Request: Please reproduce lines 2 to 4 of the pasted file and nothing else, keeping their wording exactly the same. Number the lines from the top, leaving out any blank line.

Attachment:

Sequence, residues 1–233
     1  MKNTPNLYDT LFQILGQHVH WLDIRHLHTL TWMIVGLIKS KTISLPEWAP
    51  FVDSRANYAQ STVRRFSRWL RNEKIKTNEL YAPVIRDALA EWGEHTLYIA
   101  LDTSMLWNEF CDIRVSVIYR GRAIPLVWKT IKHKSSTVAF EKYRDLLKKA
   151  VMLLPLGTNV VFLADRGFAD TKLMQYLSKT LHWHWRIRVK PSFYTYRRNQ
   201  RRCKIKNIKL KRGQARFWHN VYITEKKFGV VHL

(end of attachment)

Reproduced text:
     1  MKNTPNLYDT LFQILGQHVH WLDIRHLHTL TWMIVGLIKS KTISLPEWAP
    51  FVDSRANYAQ STVRRFSRWL RNEKIKTNEL YAPVIRDALA EWGEHTLYIA
   101  LDTSMLWNEF CDIRVSVIYR GRAIPLVWKT IKHKSSTVAF EKYRDLLKKA